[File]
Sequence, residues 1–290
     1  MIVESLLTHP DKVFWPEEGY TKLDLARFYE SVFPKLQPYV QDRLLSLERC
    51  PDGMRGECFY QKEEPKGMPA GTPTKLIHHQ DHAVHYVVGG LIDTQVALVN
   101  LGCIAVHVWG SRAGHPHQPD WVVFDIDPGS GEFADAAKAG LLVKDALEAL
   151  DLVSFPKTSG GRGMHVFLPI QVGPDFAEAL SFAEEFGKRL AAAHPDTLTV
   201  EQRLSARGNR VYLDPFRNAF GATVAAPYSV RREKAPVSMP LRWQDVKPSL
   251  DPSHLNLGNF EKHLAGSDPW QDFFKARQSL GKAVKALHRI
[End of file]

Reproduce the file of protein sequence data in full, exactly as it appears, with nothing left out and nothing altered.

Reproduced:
Sequence, residues 1–290
     1  MIVESLLTHP DKVFWPEEGY TKLDLARFYE SVFPKLQPYV QDRLLSLERC
    51  PDGMRGECFY QKEEPKGMPA GTPTKLIHHQ DHAVHYVVGG LIDTQVALVN
   101  LGCIAVHVWG SRAGHPHQPD WVVFDIDPGS GEFADAAKAG LLVKDALEAL
   151  DLVSFPKTSG GRGMHVFLPI QVGPDFAEAL SFAEEFGKRL AAAHPDTLTV
   201  EQRLSARGNR VYLDPFRNAF GATVAAPYSV RREKAPVSMP LRWQDVKPSL
   251  DPSHLNLGNF EKHLAGSDPW QDFFKARQSL GKAVKALHRI